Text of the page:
It’s no surprise that the used motorcycle market is booming. There are several reasons why you would choose to buy a used two-wheeler rather than a new one. This is especially true in the current environment, as many people will want to avoid taking public transport, especially after the pandemic. Whatever your motive for purchasing one, here are some measures to take to ensure a smooth transaction.

Prepare yourself

As obvious as this may seem, it’s better if you know exactly what you’re searching for and what your budget is. Once you’ve narrowed down your choices, conduct your research by reading forums and consulting with your local mechanic or service center to learn more about the bikes. 

Where should you shop?

You can buy second hand motorcycle (รับซื้อมอไซค์, term in Thai) from one of three places: a used-bike broker, an online platform, or directly from a motorcycle owner who wants to sell it to you. Your final choice will be determined by which of these possibilities has what you’re looking for and how convenient each is for you. A broker allows you to physically view the bike before you put down your money. Most places like these also have an in-house workshop where used motorcycles are serviced before they are put on the market.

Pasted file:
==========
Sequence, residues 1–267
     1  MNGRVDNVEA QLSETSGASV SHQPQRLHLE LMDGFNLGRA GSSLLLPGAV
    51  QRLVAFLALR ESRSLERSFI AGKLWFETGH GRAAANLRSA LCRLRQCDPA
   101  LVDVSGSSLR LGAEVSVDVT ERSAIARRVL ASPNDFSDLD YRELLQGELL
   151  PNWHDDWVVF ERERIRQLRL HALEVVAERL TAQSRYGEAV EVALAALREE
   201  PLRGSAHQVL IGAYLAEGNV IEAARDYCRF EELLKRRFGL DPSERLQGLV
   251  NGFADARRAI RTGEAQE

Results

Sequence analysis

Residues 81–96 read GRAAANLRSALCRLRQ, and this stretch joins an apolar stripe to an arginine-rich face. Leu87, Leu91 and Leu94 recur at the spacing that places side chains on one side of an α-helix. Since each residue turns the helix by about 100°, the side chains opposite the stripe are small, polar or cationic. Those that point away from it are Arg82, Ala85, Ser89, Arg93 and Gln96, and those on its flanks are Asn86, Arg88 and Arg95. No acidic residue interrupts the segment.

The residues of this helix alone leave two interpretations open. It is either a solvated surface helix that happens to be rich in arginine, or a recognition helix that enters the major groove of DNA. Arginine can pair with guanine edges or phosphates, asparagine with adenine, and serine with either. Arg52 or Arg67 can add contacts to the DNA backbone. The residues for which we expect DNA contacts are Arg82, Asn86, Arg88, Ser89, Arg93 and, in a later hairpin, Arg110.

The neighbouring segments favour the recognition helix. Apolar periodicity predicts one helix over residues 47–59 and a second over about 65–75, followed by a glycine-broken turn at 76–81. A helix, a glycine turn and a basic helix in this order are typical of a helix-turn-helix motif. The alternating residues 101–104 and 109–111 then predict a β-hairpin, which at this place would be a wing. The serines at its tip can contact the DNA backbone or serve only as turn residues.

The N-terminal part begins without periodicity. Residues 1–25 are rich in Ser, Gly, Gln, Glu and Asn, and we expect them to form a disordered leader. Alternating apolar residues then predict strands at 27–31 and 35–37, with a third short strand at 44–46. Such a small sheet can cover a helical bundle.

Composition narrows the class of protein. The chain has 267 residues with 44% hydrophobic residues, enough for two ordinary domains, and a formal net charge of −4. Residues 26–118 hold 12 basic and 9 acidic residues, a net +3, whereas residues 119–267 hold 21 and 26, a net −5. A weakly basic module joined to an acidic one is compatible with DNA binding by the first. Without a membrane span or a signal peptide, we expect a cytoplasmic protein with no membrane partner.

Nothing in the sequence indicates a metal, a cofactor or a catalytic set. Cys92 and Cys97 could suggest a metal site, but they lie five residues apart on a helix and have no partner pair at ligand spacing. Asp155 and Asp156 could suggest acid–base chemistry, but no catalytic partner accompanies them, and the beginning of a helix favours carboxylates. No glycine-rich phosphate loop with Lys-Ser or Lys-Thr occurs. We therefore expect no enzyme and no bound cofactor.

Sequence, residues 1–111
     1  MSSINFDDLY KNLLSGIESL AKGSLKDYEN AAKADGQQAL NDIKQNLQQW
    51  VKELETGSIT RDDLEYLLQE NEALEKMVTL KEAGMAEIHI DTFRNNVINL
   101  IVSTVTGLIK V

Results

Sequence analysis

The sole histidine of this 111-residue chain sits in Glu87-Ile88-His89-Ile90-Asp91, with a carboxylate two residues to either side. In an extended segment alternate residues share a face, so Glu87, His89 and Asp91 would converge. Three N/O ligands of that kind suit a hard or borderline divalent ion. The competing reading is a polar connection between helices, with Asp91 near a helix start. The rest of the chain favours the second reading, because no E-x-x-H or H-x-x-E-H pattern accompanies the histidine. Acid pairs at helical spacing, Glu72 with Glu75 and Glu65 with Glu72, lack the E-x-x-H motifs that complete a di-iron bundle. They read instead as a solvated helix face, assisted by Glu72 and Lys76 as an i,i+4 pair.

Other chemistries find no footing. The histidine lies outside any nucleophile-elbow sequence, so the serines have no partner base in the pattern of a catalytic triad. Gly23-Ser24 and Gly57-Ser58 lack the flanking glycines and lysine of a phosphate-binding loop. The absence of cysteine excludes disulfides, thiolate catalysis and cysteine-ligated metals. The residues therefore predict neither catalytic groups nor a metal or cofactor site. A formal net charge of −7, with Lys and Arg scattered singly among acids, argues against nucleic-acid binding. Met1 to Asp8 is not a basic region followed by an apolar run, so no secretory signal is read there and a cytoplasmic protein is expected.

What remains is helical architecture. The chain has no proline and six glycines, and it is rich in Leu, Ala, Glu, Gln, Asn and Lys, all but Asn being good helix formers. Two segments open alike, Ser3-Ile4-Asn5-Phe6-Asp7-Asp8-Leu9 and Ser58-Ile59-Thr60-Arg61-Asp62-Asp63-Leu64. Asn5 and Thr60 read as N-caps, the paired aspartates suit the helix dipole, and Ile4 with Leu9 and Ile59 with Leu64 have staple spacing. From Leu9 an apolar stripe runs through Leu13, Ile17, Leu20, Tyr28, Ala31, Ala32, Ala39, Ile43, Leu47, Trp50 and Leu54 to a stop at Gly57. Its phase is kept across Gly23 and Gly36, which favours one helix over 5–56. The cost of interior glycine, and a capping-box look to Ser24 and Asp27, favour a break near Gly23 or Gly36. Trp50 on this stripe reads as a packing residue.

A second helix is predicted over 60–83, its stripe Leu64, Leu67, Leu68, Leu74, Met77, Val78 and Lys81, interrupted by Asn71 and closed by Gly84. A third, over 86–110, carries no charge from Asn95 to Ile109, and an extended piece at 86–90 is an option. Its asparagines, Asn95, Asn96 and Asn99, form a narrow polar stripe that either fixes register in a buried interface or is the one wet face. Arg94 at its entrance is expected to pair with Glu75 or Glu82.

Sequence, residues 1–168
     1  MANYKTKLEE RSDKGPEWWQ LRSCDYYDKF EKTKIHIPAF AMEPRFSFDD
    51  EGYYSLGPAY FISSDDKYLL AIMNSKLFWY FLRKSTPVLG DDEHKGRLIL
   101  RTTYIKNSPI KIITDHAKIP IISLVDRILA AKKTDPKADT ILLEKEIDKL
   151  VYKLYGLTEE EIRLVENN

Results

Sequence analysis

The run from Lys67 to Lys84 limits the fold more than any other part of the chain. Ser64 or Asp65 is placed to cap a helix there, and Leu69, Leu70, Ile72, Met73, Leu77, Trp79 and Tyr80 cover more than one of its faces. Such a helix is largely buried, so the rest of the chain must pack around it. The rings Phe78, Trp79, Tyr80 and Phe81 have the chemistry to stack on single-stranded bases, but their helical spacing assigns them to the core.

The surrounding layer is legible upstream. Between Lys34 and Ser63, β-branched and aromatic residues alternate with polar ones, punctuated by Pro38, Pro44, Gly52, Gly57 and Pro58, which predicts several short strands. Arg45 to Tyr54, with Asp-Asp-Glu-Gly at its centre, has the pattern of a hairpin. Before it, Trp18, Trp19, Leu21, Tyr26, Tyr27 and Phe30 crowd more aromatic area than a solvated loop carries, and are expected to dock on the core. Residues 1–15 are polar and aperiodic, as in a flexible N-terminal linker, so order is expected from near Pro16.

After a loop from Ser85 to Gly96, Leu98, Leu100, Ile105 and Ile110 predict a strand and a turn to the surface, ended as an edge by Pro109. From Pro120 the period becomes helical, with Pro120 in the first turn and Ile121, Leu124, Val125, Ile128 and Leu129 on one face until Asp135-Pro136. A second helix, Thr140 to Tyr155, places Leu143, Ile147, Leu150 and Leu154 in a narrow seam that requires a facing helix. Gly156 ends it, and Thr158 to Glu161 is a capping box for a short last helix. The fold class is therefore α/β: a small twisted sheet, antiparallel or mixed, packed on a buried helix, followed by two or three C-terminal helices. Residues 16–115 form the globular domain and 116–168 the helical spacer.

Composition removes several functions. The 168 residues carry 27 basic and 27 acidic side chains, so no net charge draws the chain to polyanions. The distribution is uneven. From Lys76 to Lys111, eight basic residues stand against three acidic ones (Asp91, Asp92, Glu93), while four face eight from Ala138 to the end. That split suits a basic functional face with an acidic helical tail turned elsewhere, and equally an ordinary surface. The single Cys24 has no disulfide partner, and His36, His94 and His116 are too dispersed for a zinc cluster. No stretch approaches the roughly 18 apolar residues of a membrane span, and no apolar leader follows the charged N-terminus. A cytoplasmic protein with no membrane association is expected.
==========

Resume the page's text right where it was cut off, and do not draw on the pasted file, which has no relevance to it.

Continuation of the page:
Speak with the seller

The first and most obvious step is to meet with the vendor and discuss the motorcycle. You could ask him the following questions: Why are they selling the motorcycle? How frequently has it been serviced? Is there any history of falls or major modifications that you should be aware of? If the seller can supply you with service papers and bills for what they’ve spent on the bike, it usually indicates that it’s been well maintained. Nonetheless, it is always better to be cautious and conduct your own investigation.

Physical examination

A well-run motorcycle is one that still runs well. Unless you’re wanting to buy an older motorcycle, it’s usually better to avoid anything older than five years. It’s also worth mentioning that mileage doesn’t always correlate with how well a bike performs. At 20,000km, a bike that has had frequent oil changes and adequate maintenance is a considerably better deal than one that has been ridden half the distance but with half the care.

In most circumstances, a thorough physical examination will reveal what to be wary of. The engine is the first component to inspect because it is the most expensive component on the motorcycle. A smart idea is to request that the vendor not start the motorcycle beforehand. Check to see whether it starts easily when cold; there should be no strange sounds or smoke coming from it or the exhaust pipe. 


If you believe you have discovered a motorcycle that meets your needs, the final step is to complete the paperwork. The registration certificate, car insurance documents, original purchase invoice, road-tax receipt, and pollution certificate are all important pieces of evidence. Remember that any changes to the vehicle, such as an engine replacement or a new body color, must also be recorded in the registration certificate. Also, make certain that the car has no history of accidents.


About The Author

Mittie Orozco